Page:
To Press Releases listLausanne, Switzerland
,March 15, 2012
When eating, all of our senses are simultaneously stimulated to create a unique perception of the food. While taste is the primary driver for food acceptance, other sensory cues can bring essential information prior to eating. Scientists at the Nestlé Research Center in Lausanne, Switzerland, have found that simply looking at images of food can influence the subsequent taste perception. The full article is available in the PLoS ONEjournal.
It is well-established that the amount of calories in a food is important in determining the motivation to eat and the pleasure that food brings. The energy content of food is not only assessed in the mouth or after consumption, but an estimation of energy content is already established in the brain 200 milliseconds after looking at the food. Since the consequences for taste enjoyment of this automatic process remain unknown, Nestlé researchers used a novel approach, combining electro-gustometry (EGM) and electro-encephalography (EEG), to examine the brain mechanisms underlying visual-gustatory interactions involved in food enjoyment.
Healthy adults were shown images of foods with varying caloric content, and a few seconds later an unfamiliar taste was delivered on their tongue using EGM. The participants were then asked to judge the intensity and pleasure of the taste, while their brain activity was measured simultaneously by EEG. Nestlé scientists found that participants reported tastes to be more enjoyable after first looking at images of high-calorie foods, such as pizza or pastry, as compared to looking at images of low-calorie foods, such as watermelon or green beans. This augmented pleasure was mediated by changes in the activity of brain regions implicated not only in food reward valuation but also in taste integration.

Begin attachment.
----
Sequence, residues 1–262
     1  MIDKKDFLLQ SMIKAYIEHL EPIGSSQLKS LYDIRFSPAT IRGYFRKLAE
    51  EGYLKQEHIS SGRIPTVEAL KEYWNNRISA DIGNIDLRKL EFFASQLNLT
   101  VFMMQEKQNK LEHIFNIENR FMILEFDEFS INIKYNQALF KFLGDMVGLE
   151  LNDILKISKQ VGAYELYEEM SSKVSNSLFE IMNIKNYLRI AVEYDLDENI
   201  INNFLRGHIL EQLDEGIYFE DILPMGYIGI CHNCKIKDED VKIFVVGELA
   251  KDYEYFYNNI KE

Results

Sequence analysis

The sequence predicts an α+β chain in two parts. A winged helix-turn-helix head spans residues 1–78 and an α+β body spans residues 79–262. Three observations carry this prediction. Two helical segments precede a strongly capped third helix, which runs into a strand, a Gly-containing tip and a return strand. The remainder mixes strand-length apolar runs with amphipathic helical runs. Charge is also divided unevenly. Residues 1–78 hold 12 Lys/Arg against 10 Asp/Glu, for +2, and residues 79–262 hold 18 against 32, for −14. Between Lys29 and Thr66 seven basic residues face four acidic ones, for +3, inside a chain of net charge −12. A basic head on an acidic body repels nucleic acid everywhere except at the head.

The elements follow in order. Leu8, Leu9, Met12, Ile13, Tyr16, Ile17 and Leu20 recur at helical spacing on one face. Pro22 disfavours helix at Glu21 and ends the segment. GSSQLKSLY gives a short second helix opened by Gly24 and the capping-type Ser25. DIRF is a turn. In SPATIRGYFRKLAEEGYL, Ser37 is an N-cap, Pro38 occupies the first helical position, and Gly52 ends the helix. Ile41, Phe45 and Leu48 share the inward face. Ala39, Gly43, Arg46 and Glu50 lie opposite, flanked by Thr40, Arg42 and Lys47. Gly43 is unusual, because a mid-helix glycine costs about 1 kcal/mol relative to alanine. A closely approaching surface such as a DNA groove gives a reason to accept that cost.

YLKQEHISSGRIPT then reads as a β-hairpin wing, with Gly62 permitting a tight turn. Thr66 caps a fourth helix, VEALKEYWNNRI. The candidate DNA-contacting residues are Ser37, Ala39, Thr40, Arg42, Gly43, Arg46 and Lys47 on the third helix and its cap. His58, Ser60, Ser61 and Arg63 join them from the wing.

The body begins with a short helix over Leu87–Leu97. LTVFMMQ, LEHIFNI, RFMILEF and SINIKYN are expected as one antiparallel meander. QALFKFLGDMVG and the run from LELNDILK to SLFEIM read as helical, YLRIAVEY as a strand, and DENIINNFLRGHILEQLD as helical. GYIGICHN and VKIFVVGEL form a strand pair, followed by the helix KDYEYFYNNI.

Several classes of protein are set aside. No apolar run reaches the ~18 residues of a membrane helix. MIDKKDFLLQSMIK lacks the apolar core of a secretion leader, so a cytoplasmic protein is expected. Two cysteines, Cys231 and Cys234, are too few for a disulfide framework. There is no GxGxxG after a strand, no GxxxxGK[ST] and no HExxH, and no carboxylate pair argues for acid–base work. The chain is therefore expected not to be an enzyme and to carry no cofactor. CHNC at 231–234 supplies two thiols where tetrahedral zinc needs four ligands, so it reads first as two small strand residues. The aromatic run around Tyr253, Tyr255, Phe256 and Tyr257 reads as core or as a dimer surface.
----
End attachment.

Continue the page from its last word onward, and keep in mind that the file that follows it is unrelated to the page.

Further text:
“Our study has yielded remarkable findings, which we will continue to build upon”, said Dr Julie Hudry, Nestlé scientist leading the study. “The individual’s evaluation of food, before it is eaten, is a crucial stage, not only for making nutritional choices, but for impacting the entire eating experience.”
Visual-gustatory interaction: Orbitofrontal and insular cortices mediate the effect of high-calorie visual food cues on taste pleasantness”. Kathrin Ohla, Ulrike Toepel, Johannes le Coutre and Julie Hudry. PLoS ONE 7(3): e32434. doi:10.1371/journal.pone.0032434
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